I’m no fan of billionaires running our country. I don’t like Donald Trump and I’m not supportive of Michael Bloomberg, Tom Steyer or anyone else whose net worth reaches ten figures. I don’t think those people have any idea how the rest of us live and I don’t believe running a country is like running a business. And I’m not sure why Democrats are all in a tizzy about Starbucks founder Howard Shultz running as an independent.

Ever since he announced that he’s exploring an independent bid for president, my twitter feed has been full of dire warning about helping Trump get re-elected. I don’t see it. Why are a large number of Democrats going to migrate over to a guy who seems to be all about business? He seems more attractive to moderate Republicans looking for an alternative to Trump than he does to moderate Democrats.

Shultz is more like John Anderson than Ross Perot and shares nothing with the likes of Ralph Nadar or Jill Stein who pulled votes from the left. Anderson ran as an independent in 1980 after losing the GOP nomination to Reagan. He was the last of the Rockefeller Republicans on the national stage. He was supposed to draw votes from the Reagan, but had little impact on the conservative revolution taking over the Republican Party at the time. 

Democrats today are in a similar position as Republicans in 1980. Just as Reaganism was a rebuke to the excesses of the New Deal and Great Society, the current Democrats personified by the likes of Alexandria Ocasio-Cortez represent a rebuke of the inequality and failings of supply-side economics. Democrats aren’t about to abandon the party in any significant numbers to embrace a wonky, boring corporate CEO.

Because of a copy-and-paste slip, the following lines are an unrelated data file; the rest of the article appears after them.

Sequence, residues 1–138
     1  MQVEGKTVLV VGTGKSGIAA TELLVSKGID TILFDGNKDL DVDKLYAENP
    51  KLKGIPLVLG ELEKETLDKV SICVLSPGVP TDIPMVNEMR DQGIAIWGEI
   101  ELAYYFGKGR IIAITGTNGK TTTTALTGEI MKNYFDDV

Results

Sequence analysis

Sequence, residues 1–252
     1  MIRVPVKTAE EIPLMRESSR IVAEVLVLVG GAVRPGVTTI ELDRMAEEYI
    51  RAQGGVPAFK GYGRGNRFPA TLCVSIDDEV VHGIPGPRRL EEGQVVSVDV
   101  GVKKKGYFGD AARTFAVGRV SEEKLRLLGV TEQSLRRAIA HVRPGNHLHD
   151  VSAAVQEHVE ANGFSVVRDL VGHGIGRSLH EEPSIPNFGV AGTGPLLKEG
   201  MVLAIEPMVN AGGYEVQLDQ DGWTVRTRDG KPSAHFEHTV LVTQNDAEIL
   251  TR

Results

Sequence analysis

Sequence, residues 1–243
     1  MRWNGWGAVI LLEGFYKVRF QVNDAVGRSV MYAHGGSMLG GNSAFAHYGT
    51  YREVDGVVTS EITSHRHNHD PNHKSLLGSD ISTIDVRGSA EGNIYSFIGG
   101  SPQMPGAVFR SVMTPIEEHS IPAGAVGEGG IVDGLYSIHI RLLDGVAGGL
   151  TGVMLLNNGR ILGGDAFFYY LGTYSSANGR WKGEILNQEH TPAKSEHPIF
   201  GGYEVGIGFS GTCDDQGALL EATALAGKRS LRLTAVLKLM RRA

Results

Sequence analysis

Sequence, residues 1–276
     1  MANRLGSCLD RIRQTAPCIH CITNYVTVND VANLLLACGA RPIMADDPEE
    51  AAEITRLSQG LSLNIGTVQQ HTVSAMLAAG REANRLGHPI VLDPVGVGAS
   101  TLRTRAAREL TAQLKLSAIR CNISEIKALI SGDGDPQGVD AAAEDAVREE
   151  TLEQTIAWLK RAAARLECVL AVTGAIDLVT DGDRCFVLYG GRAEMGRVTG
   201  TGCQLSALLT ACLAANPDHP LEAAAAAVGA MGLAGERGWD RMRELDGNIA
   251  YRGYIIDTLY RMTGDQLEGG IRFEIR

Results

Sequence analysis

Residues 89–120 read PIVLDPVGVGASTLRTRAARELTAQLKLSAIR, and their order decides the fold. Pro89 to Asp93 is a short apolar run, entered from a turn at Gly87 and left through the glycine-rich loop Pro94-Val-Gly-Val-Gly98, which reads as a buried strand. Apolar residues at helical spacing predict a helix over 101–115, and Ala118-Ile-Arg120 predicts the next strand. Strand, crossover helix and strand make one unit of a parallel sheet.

If Shultz has any constituency, it’s probably the people who voted for Obama in 2008 and 2012 and Trump in 2016. They’re dissatisfied with the whole system and are no more happy with Trump than they were before Trump. They would be casting protest votes that would do more to harm the incumbent than any Democratic challenger. 

While I would prefer a candidate with deep experience and a moderate temperament, I suspect Democrats are about to nominate someone who excites the much touted Rising American Electorate of young people, minorities and unmarried women. Instead of looking for somebody who has the skills to navigate out of the mess we’ve made, Democrats will choose somebody who checks a series of boxes, both ideological and identity related. The goal in politics today is build swell of emotional sentiment that appeals to people who have not been engaged in the electoral process. It worked in 2018 and should work better with Trump on the ballot. Howard Shultz really doesn’t figure prominently into that equation. 

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